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Fitch: Ratings risk posed by Solvency II

EUROPEAN insurers may struggle to keep their credit ratings under stringent new capital requirements proposed by Brussels, assessment house Fitch warned yesterday.

Insurance companies are expected to be ordered to increase the amount of capital they hold against their liabilities under Solvency II, the European Commission’s regulatory regime due to be introduced in 2012.

In a special report, Fitch said insurers faced with steep demands for extra core capital could struggle to raise fresh equity, given market turbulence and investors’ reluctance to back large rights issues. Raising debt remains an expensive alternative, the credit ratings agency added.

Fitch analyst Clara Hughes said while the requirements of Solvency II would stay unclear until April next year, there would be “rating implications” for insurers unable to pump up their capital reserves.

“We expect the proposals are likely to raise capital requirements for the industry in aggregate,” Hughes said. “This could have rating implications for individual insurers if final Solvency II requirements are significantly more onerous than under the current regime.”

An EC survey using insurers’ balance sheets at the end of 2007 found an average solvency ratio – the key measure of an insurer’s financial health – of 200 per cent. But Fitch said ratios were likely to have fallen since then as positions deteriorated in 2008 and early 2009.

Fitch said one way of reducing the amount of core capital required without resorting to cash calls or debt issuances would be for insurers to reduce their exposure to “capital-intensive” assets like equities. But it conceded the impact on insurers’ profitability could be too great to bear, particularly for companies with long-tailed liabilities.

Q&A: SOLVENCY II EXPLAINED
Q. WHAT IS SOLVENCY II, AND WHEN WILL IT COME IN?

A. Solvency II is an overhaul of Europe’s insurance rulebook. Solvency I, the current regime, dates back to the early 1970s, since when companies have introduced sophisticated risk management systems. The new regulations will make capital requirements directly dependent on an insurer’s assets and liabilities, and will apply to all firms operating in the European Union. It is expected to come into effect on 1 November 2012.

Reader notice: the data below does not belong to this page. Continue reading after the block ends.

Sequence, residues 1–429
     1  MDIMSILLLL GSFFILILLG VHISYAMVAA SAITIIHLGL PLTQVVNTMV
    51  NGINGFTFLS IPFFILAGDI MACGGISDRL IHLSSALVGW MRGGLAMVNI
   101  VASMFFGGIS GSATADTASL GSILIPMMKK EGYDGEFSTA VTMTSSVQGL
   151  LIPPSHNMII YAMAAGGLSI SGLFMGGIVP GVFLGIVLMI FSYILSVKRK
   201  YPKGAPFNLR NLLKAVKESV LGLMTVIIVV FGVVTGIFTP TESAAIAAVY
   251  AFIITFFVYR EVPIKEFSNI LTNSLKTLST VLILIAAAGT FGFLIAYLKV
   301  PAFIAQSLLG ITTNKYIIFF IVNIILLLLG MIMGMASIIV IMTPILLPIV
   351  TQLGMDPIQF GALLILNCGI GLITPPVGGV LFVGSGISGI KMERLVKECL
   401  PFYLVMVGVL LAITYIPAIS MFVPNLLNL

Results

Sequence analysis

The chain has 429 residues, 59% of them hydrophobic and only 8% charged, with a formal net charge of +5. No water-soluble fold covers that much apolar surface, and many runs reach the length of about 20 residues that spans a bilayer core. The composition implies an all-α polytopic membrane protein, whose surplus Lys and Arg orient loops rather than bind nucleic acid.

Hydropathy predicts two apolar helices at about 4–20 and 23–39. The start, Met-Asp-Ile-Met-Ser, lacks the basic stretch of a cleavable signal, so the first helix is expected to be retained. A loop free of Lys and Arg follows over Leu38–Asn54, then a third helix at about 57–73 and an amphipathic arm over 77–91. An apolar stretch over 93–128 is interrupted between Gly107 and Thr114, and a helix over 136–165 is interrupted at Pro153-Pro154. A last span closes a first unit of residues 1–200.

Q. HOW MUCH EXTRA CAPITAL WILL INSURERS HOLD?

A. According to a January study by EMB, an independent actuarial consultancy, general insurers in the UK face a €15bn (£13bn) jump in capital requirements. Separately, UK life insurers have said they may have to hold between £30bn and £70bn extra. In a letter last September, the Association of British Insurers pointed out this would need fresh equity capital equal to the industry’s current market capitalisation. “It is hard to see how such a massive recapitalisation could be achieved,” then-director general Stephen Haddrill wrote. But Fitch’s Clara Hughes told City A.M. yesterday it was still very unclear what capital requirements the EC would settle on.

Q. WHY IS FITCH CONCERNED NOW, BUT WAS NOT EARLIER?

A. Indications are the European Commission’s next Qualitative Impact Study – number five – will put forward harsher capital requirements than previously thought. The study is expected in the second half of this year. In preparation for the likely implications, the ratings agency is asking insurers to guide it through six areas: expected solvency positions, possible sources of extra capital, options for reducing capital requirements, using hybrid debt as core capital, internal modelling and issues specific to the life sector.